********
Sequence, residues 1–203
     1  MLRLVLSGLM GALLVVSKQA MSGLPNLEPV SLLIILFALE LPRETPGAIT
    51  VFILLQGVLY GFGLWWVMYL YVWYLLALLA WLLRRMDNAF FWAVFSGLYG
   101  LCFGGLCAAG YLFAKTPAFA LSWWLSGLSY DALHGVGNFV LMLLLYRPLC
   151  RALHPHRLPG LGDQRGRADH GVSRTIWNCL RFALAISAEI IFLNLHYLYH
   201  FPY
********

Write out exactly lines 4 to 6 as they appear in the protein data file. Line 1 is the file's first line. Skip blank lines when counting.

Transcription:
   101  LCFGGLCAAG YLFAKTPAFA LSWWLSGLSY DALHGVGNFV LMLLLYRPLC
   151  RALHPHRLPG LGDQRGRADH GVSRTIWNCL RFALAISAEI IFLNLHYLYH
   201  FPY